When did using 3fg become so popular?

Discussion in 'General Muzzleloading' started by Sidney Smith, Jun 18, 2019.

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  1. Jun 18, 2019 #1

    Sidney Smith

    Sidney Smith

    Sidney Smith

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    Back when I started shooting muzzle loaders the accepted practice was to use 3fg in guns under .50 cal and anything over .50 to use 2fg. I've always used 2fg and have never had issues. When did the change in attitudes toward 3fg in larger calibers take place? Am I the only person still using 2fg.?
     
  2. Jun 18, 2019 #2

    Grenadier1758

    Grenadier1758

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    It became popular when it was realized that you can get a few more shots from a can of 3fg than using 2fg loaded to the same velocity. There is also a bit less fouling.

    You are not the only one using 2fg. 2fg will have a bit less recoil and may be a bit more accurate in the larger calibers.

    Load development is the key factor in choosing 3fg over 2fg in rifles over 50 caliber.
     
  3. Jun 18, 2019 #3

    Brokennock

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    I think economy, shots per pound is part of it. Also, and this is just a theory on my part, I think more people are likely to have more than one muzzleloader in more than one caliber than when the "2f for .50 or larger, 3f for smaller than .50," standard became the norm. If that is true, the economy of using 1 powder for all of one's guns comes into play.


    I don't think the popularity of 3f for larger calibers has much if anything to do with having "issues" with 2f. I do notice less fouling, especially with shot loads in my smoothbore. But mostly 3f allows me to use one powder for all my muzzleloaders, including priming my pan.
     
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  4. Jun 18, 2019 #4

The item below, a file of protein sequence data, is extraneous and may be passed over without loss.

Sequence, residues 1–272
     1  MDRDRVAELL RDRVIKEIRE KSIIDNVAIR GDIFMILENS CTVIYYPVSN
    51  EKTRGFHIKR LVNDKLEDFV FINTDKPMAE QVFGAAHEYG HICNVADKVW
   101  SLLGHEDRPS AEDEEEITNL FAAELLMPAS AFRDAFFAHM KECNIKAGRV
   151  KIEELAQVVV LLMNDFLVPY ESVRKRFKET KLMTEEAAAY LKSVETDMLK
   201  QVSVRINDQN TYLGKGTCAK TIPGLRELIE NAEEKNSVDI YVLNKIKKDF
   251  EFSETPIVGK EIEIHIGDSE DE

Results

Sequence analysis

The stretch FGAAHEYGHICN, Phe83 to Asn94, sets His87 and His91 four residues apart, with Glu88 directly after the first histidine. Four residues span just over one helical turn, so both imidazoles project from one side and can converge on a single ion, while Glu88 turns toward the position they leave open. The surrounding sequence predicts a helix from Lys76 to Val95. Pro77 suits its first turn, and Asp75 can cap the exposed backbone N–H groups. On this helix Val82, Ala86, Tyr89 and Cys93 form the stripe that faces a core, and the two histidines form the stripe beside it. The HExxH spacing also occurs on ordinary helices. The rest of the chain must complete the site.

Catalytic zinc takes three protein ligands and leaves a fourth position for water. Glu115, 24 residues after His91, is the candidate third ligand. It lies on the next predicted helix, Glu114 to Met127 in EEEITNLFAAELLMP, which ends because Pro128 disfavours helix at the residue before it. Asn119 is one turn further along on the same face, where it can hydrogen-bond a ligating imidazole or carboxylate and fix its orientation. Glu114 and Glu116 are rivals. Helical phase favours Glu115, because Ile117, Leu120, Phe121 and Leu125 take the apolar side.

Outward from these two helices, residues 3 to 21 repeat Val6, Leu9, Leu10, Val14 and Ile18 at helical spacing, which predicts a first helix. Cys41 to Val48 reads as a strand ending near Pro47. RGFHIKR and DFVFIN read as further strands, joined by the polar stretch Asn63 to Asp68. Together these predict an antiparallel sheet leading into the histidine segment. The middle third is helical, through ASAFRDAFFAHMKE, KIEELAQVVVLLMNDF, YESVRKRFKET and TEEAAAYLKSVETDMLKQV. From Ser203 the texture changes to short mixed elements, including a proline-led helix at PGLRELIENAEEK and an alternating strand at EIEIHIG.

rich pierce

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    It’s convenient to have one granulation. I think that’s a lot of it.
     
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  5. Jun 18, 2019 #5

    Boomerang

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    Well there are a few reasons. Some guns are more accurate with it. It flows better out of a smaller spout. You get more shots per pound and you can prime the pan with the same powder on a flintlock.
     
  6. Jun 18, 2019 #6

    Col. Batguano

    Col. Batguano

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    So where was the "crossover" to 1Fg? It's pretty common in fowling pieces. Is it a caliber thing or more a function of the weight of the shot load?
     
  7. Jun 18, 2019 #7

    leverfred

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    I have been using it for years and use it in my black powder long range cartridge guns as well as in my front stuffers.
     
  8. Jun 18, 2019 #8

    Elkeater

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    1994 the tenth printing of the Lyman Black Powder Handbook.
    " Nearly equal velocities are obtained through the use of a notably lighter charge of 3f powder.
    We then decided to use 3f in all but .58 and .75 in our testing. 2f in .58 , .75, 12 and 20 gauge."
     
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  9. Jun 18, 2019 #9